257 p.m. / Rupee. 495; Left word
When I read Sudhanwa Deshpand’s dipping book about her fellow street theatre activist and cult artist Safdare Hashmi, I wondered – why did we wait so long for a book about the missing artist? It is known that Safdar Hashmi was brutally killed in broad daylight by political thugs who obstructed Hull Bols’ performance and attacked him with iron bars. Safdar did not survive to tell his story, but Sudhanwa Deshpande was present on that fateful day together with other comrades of Yana Natia Munch or Yanama, as he is known among the people, and his book begins with a poignant memory of the events of the First World War. January 1989, who left Safdar to give in to his wounds the next day in Delhi. Despand’s story begins by asking fundamental questions: why should an artist die for his art? Are artists the most vulnerable and least protected group? Is it a crime to be a political artist in India?
Street theatre is politics. It began as a labor movement against capitalism. As a means of representation, it facilitates conversation or direct confrontation with the audience or spectators, questioning the boundaries and delicacy of the space. It also undermines the hierarchy of artists and the public. Street theatre is democratic and Safdar Hashmi believed in a secular vision of art that is human-centred. He also believes in an art that defends social justice. It is therefore impossible, or perhaps unforgivable, to think of Safdar without its policies. His involvement in left-wing politics, especially his membership of the ICC(M), is particularly remarkable in the book because it contributes to the understanding of the belief systems that have shaped his work. For readers like me it is an advantage that Halla Bol is the death and life of Safdar Hashmi, written by Sudhanva Deshpande, an old colleague and friend of Safdar. The book contains ideas that only a friend and an employee can know. Biographies can be included in archives and libraries, but street theatre comes to life on the street and who better to capture this history than other travellers? Despande does this with nuance, compassion, sincerity and therefore prefers stories about the artist, where history books can be lacking.
Halla Bol is not a traditional biography. He draws on personal and collective memories, interviews, Safdar’s diaries, Janam’s archive and other sources to create the artist’s portrait. And I think it’s a remarkable achievement. Safdar would have appreciated it, too. In this way, the artist immortalizes himself in the memory through the source he has found most nourishing – his lifelong interest in people, which also determines his artistic credo. Deshpand’s memories of his friend and mentor are complemented by the stories of many like-minded actors and Yanam, political activists, trade unionists, scientists and some others who knew Safdar. The details of the artist’s personal life are minimal. It briefly discusses childhood, higher education and the meeting with Moloyashri Roy of Malaya, who later became his wife and working colleague. The book contains an artist among his works, which serve to understand his practice and the life he leads. Safdar has always avoided personal fame and recognition and has always put the team idea first. Despande supports this spirit in his story. He also writes a lot about Safdar’s plays, rehearsals, actor training, problems that have arisen, Sakhmat education, organizing performances, youth involvement in the movement, Safdar works for children and other events. There’s a whole section on Safdar’s collaboration with another great theatre, Habib Tanveer, and the play they made from Premchand’s stories. The book is also a social-historical document about the country’s capital in the 1970s and 1980s and about left-wing movements led by the party in the streets, including a seven-day strike in 1988 in which Jana Natja Munch played the Halla Bol.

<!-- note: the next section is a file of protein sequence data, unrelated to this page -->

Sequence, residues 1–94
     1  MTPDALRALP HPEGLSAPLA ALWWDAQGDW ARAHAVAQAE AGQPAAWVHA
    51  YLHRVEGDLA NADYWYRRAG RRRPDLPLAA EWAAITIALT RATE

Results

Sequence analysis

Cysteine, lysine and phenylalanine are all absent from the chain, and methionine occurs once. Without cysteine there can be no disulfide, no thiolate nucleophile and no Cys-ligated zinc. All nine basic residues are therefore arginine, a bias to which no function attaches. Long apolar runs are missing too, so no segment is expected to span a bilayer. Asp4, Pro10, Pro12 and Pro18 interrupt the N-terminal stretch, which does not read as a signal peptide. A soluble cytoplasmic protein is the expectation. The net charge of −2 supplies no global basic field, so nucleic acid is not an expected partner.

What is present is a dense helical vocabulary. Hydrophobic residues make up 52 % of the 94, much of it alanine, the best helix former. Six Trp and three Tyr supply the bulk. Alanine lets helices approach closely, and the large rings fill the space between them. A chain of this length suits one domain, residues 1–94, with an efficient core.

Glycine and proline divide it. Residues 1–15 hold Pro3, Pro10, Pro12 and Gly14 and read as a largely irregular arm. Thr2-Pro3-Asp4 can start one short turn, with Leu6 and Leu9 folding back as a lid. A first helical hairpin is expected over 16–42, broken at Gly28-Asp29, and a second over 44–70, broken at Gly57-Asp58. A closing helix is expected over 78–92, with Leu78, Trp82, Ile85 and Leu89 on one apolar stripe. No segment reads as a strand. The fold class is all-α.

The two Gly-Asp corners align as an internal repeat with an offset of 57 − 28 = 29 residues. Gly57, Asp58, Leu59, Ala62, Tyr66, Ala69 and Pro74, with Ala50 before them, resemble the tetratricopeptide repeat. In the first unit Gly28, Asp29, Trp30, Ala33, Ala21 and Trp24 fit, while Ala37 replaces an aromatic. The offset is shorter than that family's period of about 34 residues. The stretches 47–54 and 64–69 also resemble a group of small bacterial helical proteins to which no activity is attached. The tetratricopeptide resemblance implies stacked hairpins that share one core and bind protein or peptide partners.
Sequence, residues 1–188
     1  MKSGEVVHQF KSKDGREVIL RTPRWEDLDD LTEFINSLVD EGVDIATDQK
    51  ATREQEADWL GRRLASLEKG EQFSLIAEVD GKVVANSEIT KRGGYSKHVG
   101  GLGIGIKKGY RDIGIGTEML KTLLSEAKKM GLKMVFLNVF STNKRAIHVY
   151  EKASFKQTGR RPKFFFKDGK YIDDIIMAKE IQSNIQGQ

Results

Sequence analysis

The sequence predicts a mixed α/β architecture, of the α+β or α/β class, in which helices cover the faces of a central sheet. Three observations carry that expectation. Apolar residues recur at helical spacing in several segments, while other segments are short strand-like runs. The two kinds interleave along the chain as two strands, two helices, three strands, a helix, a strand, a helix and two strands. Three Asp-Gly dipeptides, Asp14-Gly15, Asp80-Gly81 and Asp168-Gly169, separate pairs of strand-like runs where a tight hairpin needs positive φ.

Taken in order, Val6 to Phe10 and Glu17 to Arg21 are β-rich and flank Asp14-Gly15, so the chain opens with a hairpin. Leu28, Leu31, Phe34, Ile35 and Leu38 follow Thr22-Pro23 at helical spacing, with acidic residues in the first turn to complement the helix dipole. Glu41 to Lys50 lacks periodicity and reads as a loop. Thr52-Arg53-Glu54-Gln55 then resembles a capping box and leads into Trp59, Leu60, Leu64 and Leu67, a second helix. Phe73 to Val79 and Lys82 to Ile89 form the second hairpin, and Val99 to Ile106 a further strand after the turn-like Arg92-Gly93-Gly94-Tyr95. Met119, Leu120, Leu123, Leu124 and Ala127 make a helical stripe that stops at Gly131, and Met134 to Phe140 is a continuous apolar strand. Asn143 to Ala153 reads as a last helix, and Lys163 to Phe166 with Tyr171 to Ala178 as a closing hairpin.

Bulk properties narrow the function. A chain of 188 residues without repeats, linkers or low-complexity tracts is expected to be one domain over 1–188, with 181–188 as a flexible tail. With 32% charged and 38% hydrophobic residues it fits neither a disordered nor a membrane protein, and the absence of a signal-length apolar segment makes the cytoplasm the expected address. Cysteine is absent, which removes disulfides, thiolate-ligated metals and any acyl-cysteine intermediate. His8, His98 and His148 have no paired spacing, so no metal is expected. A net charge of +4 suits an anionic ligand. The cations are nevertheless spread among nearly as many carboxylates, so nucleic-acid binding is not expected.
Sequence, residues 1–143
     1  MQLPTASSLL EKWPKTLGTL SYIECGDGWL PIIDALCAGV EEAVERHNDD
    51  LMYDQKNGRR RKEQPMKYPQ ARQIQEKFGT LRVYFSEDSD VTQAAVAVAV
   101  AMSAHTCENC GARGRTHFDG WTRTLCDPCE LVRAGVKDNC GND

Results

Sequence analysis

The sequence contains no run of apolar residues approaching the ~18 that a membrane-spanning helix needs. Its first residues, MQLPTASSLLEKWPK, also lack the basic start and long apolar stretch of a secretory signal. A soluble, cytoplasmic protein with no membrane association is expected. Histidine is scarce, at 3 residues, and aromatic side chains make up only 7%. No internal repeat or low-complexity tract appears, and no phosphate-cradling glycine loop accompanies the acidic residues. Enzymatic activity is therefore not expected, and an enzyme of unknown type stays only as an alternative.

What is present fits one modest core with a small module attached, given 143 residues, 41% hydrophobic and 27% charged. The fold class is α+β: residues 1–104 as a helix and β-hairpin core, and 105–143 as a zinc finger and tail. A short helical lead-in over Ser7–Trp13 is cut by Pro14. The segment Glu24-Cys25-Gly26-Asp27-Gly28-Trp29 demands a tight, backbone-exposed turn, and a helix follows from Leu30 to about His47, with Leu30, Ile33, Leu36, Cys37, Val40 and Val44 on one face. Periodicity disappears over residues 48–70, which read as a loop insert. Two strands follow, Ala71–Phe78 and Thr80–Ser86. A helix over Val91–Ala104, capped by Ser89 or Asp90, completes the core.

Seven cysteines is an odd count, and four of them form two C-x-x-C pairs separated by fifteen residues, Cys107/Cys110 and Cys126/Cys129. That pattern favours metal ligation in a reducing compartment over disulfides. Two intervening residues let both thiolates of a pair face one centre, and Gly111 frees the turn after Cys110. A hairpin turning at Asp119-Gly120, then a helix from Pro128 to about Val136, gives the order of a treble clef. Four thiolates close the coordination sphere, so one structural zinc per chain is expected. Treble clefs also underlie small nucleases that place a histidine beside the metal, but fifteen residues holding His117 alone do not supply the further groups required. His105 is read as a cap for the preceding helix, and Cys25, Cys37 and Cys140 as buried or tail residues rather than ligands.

In harmony with the general taste for stories, the book has the most expressive cover I have seen in a long time. The exhibition includes a black and white photo by Safdar. His face is blurry, but you know it has to be a man. Maybe that’s what Safdar wanted to remember – his work and his actions.
Kunal Ray teaches literature and cultural studies at the University of Flames in Puna.